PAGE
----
Photographers' Blog

A different political film

By Jim Young

The political game always seems the same to me, only the players change.

This is my third Presidential campaign and I have always been fascinated with U.S. politics. This time around it was the early impact of the Tea Party and Sarah Palin, all the way to Romney’s run up to election day that intrigued me.

It all began 18 months ago when I was based in Washington D.C. and started shooting with a Hasselblad x-pan panoramic film camera while covering President Barack Obama. I had never used a rangefinder before and had to remember how to manually focus a camera.

GALLERY: POLITICS ON FILM

Shortly after I started the project, I moved to Chicago. A year and a half before election day and the campaign was already in full swing. A growing list of Republican challengers lined up for a chance to go up against the President.

With my proximity to Iowa, I made a half a dozen trips to Iowa, the early stages of the campaign where the contenders tested their stump speech and their handshakes. Candidates came and went and in the end only one was left standing, former Governor of Massachusetts Mitt Romney.

I like how film is timeless. There is something about the tangible nature of film, though they were just snapshots along the trail during the campaign. Maybe one day, people will look at film and wonder what it was all about but I like that there is no mistaking where the product comes from. It’s not filtered, manipulated or cropped. I shot a black and white film project with a $20 plastic film camera on President George W. Bush in 2008, a project on the Presidency in 2010 shot with a polaroid-type camera, and now the xpan.

Hard to ignore… the teleprompter

By Kevin Lamarque

Teleprompters; as much as the audience, the image makers and even President Barack Obama himself may wish these devices were truly invisible, there are times when the teleprompter cannot be ignored.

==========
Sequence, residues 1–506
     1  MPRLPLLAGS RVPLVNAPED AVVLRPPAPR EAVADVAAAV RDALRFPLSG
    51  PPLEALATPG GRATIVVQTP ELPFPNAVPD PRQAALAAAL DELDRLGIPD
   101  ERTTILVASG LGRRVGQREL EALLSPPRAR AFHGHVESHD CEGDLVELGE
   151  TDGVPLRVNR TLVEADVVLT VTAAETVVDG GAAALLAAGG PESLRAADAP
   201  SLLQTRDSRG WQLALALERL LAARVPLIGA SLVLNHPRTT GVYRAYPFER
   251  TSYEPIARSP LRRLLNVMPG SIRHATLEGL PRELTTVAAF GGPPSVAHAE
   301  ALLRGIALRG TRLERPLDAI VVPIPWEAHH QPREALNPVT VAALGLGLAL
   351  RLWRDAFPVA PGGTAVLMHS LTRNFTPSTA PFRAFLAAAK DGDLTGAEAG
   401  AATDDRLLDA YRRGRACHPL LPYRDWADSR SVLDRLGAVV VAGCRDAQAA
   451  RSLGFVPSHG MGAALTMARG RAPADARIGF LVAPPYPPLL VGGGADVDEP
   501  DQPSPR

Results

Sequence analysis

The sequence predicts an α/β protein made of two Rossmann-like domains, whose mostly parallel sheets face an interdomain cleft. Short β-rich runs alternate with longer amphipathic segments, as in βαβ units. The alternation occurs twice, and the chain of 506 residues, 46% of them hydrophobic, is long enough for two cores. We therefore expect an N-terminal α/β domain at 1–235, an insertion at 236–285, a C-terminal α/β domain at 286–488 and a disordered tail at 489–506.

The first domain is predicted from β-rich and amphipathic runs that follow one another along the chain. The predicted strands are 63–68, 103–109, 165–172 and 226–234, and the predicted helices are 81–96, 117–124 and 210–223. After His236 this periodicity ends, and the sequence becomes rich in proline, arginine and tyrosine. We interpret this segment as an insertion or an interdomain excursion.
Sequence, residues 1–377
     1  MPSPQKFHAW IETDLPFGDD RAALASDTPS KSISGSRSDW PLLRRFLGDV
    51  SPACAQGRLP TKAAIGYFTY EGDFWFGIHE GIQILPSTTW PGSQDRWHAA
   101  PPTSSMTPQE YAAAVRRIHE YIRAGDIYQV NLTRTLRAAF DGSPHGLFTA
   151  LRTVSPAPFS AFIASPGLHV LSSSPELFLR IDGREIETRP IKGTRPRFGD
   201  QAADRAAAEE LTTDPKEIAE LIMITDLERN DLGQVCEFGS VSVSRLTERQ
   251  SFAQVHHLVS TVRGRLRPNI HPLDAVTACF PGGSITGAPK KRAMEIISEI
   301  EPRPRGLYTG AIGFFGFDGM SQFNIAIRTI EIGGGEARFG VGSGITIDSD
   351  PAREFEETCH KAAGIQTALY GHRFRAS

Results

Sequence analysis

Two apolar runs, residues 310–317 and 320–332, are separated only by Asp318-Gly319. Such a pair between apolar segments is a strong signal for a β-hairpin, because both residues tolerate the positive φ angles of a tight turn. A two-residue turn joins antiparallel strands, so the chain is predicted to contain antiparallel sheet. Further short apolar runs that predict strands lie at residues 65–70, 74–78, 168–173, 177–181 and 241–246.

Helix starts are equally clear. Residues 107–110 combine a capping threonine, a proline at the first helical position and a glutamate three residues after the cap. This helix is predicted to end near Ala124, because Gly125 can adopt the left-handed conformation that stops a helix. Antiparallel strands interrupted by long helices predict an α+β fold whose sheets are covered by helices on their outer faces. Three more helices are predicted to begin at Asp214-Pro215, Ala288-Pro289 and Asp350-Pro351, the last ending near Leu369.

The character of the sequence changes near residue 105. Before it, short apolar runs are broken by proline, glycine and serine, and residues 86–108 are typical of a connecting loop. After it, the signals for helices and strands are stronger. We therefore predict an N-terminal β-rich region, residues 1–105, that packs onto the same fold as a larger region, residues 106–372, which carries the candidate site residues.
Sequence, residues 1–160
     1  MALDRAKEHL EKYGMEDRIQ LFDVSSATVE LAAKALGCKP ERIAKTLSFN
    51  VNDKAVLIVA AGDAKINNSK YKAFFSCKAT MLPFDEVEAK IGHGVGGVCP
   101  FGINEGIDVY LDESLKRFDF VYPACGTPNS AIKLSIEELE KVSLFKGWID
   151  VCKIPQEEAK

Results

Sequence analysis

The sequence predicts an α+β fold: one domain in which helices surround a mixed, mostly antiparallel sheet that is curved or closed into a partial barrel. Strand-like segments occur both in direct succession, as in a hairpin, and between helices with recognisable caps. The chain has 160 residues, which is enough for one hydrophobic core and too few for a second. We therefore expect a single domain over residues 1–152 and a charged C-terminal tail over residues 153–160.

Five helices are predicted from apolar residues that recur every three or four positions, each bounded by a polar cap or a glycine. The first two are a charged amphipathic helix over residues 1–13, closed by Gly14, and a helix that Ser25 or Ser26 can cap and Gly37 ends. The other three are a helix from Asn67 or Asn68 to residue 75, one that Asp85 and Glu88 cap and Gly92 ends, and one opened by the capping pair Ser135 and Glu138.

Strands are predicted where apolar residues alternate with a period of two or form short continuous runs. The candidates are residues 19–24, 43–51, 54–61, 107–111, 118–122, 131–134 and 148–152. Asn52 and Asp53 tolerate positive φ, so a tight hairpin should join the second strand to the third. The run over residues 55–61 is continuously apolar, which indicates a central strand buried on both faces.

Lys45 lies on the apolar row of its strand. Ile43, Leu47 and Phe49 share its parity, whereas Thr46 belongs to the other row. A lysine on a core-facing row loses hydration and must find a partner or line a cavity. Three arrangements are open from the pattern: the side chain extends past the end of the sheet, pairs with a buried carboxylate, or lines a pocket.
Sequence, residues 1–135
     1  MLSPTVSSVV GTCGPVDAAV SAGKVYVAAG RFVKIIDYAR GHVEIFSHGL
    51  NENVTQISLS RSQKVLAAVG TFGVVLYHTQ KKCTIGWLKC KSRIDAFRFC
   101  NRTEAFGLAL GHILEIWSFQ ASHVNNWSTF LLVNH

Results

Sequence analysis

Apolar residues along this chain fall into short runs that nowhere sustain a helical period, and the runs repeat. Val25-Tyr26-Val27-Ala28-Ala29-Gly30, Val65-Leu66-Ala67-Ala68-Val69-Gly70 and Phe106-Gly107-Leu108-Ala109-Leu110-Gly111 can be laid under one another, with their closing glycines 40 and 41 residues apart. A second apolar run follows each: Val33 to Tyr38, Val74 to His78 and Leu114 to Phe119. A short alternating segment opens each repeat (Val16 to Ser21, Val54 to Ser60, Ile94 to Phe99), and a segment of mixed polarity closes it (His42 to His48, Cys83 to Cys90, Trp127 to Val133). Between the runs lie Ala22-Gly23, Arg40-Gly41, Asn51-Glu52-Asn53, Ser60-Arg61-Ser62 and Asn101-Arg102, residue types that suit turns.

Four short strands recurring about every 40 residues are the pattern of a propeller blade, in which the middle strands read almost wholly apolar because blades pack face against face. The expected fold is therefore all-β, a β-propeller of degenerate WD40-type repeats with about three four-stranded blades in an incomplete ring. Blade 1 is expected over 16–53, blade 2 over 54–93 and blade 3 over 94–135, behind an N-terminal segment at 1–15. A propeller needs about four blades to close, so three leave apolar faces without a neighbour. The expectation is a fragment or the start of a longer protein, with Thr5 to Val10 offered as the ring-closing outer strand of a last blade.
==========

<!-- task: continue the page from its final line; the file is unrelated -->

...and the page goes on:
SLIDESHOW: OBAMA AND TELEPROMPTERS

For photographers, the teleprompter is most often seen as a nuisance, something that hinders their shot. With teleprompters to his left and right, Obama seemingly never looks directly ahead. His head shifts from side to side, at times giving the impression he is watching a tennis match as he delivers his remarks. Photographers naturally gravitate to the 45-degree angle in order to capture Obama looking down the barrel of the lens as he reads his speech. This usually works, assuming the teleprompter is composed out of the frame. Sometimes, the President is framed clearly through the teleprompter glass and can actually make a desirable image.

At a recent campaign event in Columbus, Ohio, the teleprompter appeared different. This rally was outside on a bright and sunny day and an opaque teleprompter was in place, not the transparent model we mostly see. As I moved around, I realized I could not see the President behind this teleprompter, and it caught my eye. Moving into just the right angle, I shot many frames until Obama’s head was completely obscured by the teleprompter, giving the impression that he and the teleprompter were somehow one. Obama’s light colored shirt added to the effect.

Caught with Obama in a downpour

By Jason Reed

It happens about once a year. If he had waited two more minutes the pictures would not have happened but Mother Nature had other ideas. It was time for a good old soaking at an event featuring President Barack Obama.

The forecast had called for hot and humid conditions on the second day of a two-day campaign swing through Virginia, where the first ominous signs were the crash of thunder in the distance as Obama stopped at a roadside vegetable stand to pick up a crate of tomatoes for the family. On the way to the outdoor campaign rally in Glen Allen, lightning flashed in front of the motorcade. We arrived at the venue with heavy, ominous clouds and some light sprinkles that we all hoped would quickly subside. No one except the Secret Service were carrying rain jackets (they must have all been boy scouts – “Be prepared”). Not even the President was prepared to deal with the next half hour.

With the press gathered in front of the stage in our cotton short sleeve shirts, the light sprinkle, which had been just a small nuisance, quickly turned into a full deluge that would be familiar to anyone who has ever lived in monsoon-prone regions of southeast Asia. (Stand under a bathroom shower fully clothed and turn the water pressure to maximum. You get the drift.) Now grab about $20,000 worth of camera gear and start taking pictures.